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!Free ♏ Monster: Living Off the Big Screen ☢ In Hollywood, Screenwriters Are A Curse To Be Borne, And Beating Up On Them Is An Industry Blood Sport But In This Ferociously Funny And Accurate Account Of Life On The Hollywood Food Chain, It S A Screenwriter Who Gets The Last Murderous Laugh That May Be Because The Writer Is John Gregory Dunne, Who Has Written Screenplays, Along With Novels And Non Fiction, For Thirty Years In Dunne And His Wife, Joan Didion, Were Asked To Write A Screenplay About The Dark And Complicated Life Of The Late TV Anchorwoman Jessica Savitch Eight Years And Twenty Seven Drafts Later, This Script Was Made Into The Fairy Tale Up Close And Personal Starring Robert Redford And Michelle Pfeiffer Detailing The Meetings, Rewrites, Fights, Firings, And Distractions Attendant To The Making Of A Single Picture, Monster Illuminates The Process With Sagacity And Raucous Wit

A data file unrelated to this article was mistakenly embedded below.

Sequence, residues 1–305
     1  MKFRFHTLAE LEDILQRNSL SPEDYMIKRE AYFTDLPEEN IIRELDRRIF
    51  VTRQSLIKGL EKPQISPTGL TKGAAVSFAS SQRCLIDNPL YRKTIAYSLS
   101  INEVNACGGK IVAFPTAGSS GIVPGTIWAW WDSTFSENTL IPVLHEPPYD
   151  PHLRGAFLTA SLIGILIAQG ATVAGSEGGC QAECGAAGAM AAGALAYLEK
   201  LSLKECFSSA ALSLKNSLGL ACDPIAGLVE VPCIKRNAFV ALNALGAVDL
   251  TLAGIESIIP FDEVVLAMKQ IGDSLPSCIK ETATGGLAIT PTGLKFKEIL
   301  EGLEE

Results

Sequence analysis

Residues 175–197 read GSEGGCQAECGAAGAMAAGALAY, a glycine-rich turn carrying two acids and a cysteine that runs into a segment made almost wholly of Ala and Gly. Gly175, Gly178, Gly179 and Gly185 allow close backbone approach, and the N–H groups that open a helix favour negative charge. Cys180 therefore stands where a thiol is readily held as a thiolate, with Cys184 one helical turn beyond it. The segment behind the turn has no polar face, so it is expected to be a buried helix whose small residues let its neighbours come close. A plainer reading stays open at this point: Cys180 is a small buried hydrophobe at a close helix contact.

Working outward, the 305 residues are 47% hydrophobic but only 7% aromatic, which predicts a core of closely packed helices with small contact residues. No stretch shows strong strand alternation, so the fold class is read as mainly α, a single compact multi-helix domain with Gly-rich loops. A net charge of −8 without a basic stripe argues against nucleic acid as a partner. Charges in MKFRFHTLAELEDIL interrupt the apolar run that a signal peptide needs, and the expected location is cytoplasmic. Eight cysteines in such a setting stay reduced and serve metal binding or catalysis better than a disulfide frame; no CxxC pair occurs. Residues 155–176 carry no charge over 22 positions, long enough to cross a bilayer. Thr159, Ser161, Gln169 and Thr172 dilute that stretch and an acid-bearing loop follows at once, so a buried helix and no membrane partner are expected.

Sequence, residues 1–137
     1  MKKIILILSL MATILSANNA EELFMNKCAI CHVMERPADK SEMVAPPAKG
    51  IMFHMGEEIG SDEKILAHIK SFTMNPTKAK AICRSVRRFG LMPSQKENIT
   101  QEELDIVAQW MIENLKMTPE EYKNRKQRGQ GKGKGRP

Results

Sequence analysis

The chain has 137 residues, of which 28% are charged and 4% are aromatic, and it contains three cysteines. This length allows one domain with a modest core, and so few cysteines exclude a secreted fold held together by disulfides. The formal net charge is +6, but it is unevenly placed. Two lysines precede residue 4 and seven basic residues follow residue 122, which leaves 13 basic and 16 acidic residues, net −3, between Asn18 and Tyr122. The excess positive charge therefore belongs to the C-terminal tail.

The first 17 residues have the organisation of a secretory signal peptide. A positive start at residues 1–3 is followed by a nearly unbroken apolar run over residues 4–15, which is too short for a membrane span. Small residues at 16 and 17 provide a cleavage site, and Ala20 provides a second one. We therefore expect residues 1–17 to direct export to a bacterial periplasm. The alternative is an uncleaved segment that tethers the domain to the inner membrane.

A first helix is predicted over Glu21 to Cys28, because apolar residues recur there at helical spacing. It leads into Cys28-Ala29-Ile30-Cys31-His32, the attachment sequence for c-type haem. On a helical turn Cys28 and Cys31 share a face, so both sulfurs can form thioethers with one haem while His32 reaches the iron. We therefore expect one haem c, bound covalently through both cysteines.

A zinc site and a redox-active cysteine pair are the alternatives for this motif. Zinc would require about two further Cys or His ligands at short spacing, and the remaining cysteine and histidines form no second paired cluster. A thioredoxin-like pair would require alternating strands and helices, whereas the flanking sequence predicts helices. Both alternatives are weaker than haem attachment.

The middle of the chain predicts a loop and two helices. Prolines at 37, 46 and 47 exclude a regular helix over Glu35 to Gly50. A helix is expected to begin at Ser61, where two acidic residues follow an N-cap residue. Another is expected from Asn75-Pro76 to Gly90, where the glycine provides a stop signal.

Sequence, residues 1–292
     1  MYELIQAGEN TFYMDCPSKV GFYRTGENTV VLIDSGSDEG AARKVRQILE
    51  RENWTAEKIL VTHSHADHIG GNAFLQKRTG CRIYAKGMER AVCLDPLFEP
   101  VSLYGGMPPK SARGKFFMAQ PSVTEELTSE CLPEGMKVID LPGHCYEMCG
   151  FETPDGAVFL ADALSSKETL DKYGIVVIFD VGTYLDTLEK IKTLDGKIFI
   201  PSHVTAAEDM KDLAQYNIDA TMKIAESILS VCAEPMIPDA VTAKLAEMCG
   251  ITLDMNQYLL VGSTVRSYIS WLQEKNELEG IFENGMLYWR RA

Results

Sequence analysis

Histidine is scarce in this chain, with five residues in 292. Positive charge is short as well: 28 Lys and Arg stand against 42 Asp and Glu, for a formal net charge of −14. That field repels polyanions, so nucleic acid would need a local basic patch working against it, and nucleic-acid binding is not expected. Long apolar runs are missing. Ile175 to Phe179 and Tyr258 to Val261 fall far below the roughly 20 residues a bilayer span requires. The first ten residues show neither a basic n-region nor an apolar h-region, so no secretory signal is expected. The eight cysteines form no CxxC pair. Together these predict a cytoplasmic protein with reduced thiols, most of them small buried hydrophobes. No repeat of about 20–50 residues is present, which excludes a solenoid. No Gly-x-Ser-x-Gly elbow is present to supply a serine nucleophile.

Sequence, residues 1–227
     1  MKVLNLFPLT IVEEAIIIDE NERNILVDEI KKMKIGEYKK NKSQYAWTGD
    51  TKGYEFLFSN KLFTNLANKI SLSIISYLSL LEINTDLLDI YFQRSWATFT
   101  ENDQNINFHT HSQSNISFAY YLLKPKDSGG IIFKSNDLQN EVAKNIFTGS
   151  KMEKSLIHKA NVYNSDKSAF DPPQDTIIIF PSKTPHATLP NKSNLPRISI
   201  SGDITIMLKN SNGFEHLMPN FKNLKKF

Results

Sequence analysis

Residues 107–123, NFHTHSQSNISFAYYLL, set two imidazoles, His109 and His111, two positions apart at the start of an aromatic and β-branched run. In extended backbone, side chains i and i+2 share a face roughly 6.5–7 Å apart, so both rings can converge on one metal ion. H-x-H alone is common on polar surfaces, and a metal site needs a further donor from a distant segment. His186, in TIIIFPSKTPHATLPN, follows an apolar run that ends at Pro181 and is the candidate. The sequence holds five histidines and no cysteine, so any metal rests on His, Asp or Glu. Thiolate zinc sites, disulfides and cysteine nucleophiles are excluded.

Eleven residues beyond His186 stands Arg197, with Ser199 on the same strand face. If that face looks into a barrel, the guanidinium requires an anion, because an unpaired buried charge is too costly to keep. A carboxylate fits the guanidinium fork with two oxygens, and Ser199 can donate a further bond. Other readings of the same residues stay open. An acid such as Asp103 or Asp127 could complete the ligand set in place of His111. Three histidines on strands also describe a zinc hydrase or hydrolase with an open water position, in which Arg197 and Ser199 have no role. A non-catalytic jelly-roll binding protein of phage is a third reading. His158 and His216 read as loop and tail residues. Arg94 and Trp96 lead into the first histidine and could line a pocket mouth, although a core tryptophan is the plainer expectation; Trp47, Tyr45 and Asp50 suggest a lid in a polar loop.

The story is told over the eight years it took for the author and his wife, Joan Didion, to complete the screenplay for the film Up Close and Personal starring Robert Redford and Michelle Pfeiffer I watched the film out of curiosity and it s cringe worthy, a saccharine romance full of cliches Apparently, the movie made over 100 million at the box office which is not surprising since mediocre films appeal to the lowest common denominator.The purpose of the book is to expose Hollywood s treatment of screenwriters, but I couldn t get on board with the author From the first page where he talked about Princeton and his mother s tea party, I almost put it down I m university educated, too, but come from humble beginnings so elitist writers who hob knob with the rich and famous don t make me want to root for them.I m glad he and his wife have reached the point where they draw big bucks for their work I m sure they deserve it, but it doesn t make me feel sorry for him when he whines about late payment from the studio The couple get paid plenty for work they don t even do.Dunne exposes himself while he exposes Hollywood as lacking in integrity and compromising quality for money All the studios care about is how to make money from the film He explains why this is necessary pictures are so expensive they have to earn 10 million in the first weekend just to be viable But if he finds Hollywood so distasteful, why work in the industry Greed drives everything here and I include the author in that assessment. So wrapped up with the minutia of screenwriter s lives hustling, endless drafts, rewrites for potential stars that I can t imagine why anyone who isn t a screenwriter would want to read it But then the content really, so much about drafts feels like the end of the day rants to a partner and sort of the last thing a screenwriter wants to read least this one. John Gregory Dunne was a journalist, a writer of non fiction books, a novelist, and a screenwriter As a screenwriter, he was part of a team, he and his wife Joan Didion, also a journalist and novelist Together, they wrote some notable films, most notable perhaps was Barbra Streisand s version of A Star Is Born In 1988, they were approached by their friend John Foreman about doing a screenplay about the real life TV broadcaster Jessica Savitch This book, Monster Living Off the Big Screen, is an account of the duo s trials and tribulations writing that screenplay Over eight years, they worked with several producers and Disney pictures to get a script composed that would satisfy everyone involved, a task that became even tougher when superstars Robert Redford and Michelle Pfeiffer got onboard Dunne put together an exhaustive analysis of this experience During those eight years, they did countless versions of the script, quit the project over and over, got rehired, and eventually, a movie emerged called Up Close and Personal, a film that had nothing to do with Jessica Savitch, but rather was a generic romantic comedy about TV broadcasters Monster is a fascinating look at the movie business Dunne tells us how the process of screenwriting works, how producers work, what happens when studio lawyers get involved, and the expectations of studios coupled with the anxieties and hopes and wishes and dreams and machinations of producers I found the book to be totally readable and enjoyable At just a few pages over two hundred, it goes quickly, and yet when all is said and done, a satisfying story has been told, and entertaining story has been told, and an enlightening story about Hollywood has been told. A very entertaining account of what it takes, from the screenwriter s point of view, to get a script translated to the screen A ton of patience, the ability to deal with truly sociopathic personalities, and, of course, writing talent Sometimes the name dropping got to be too much, but it was still a fun read. Not everyone wants to know how the sausage is made But living in Los Angeles, the stories are all around us Every serving person has a dream to be on the big screen, every grocery bagger has a screeenplay Having seen the process of movie making at arms length, I wanted the screenwriters perspective and in this book, I got it Such an amazing array of people touched this particular script that it speaks to the author s patience and commitment that he and his wife, Joan Didion did not walk away at several junctures where it seemed a good option.Big studio films are the product of committees and although the subject film in this case did well at the box office, its original raison d tre was abraded away over years of development This book is emphatically not for everyone, by any means But it may help set expectations for screenwriting hopefuls. You have to be really interested in how Hollywood works and screenwriting, specifically to love this book I was looking for humor and personal reflection about the crazy process of turning a book about the tragedy of Jessica Savitch s life into a contemporary romance not about Jessica Savitch 8 years later. The difficult and time consuming process of developing a screenplay one which eventually became the film Up Close and Personal told in an intelligent, engaging voice.More detail at my blog This book makes screenwriters look like beggars on the street, but instead of asking for a quarter, they re begging for a quarter million dollars Although I think the intent of the book was to show how frustrating the screenwriting process can be when there are too many cooks in the kitchen, my takeaway was that life for a writer in Hollywood is nothing than a never ending scramble for cash so as to afford that second apartment in NYC and the beach house in Malibu I was really disappointed by how shallow this book was Lots of name dropping, way too many descriptions of meetings at fancy restaurants where no one ever seems to eat anything, and plenty of bitching about having to fly out to LA to stay in posh hotels With that in mind, I guess it s only fitting that the last chapter of the book is not about how the author feels the final version of the film he spent 7 years working on turned out artistically, but rather a detailed account of how much the final product grossed at the box office. I m always fascinated by anything that details the behind the scenes mechanics of a process, and particularly to do with writers and film I ll read anything about working Hollywood, pretty much Monster strips back to how a screenwriter negotiates and operates, but not so much what motivates him Dunne, I mean specifically I was also interested in this, like many people, probably, because of reading Joan Didion s wonderful Year of Magical Thinking, and wanting to know some about their lives Reading Monster was in that sense a bit like time travel you can t help thinking about who will be missing in just a few years time Unfortunately, there s not much passion driving this narrative other than what feels a bit like a sneery negative drive to get their own experience told The movie that this book is telling the story of writing doesn t seem to be a good one I have pretty much no desire to see it Is this what Dunne wants us to know, that they tried to make it good, and what came out wasn t really their work, so it s not their fault I m not really convinced of that the whole thing seems kind of cold, why should there be anything magical in the results No visions were adhered to because no one had a vision, once they chucked out Savitch It s an ugly picture of the machine in action Dunne comes across as narky and prickly as well Some of the reviews of the film said it was smug that kind of summed up how I felt about the POV in monster I wanted to like him, I really did.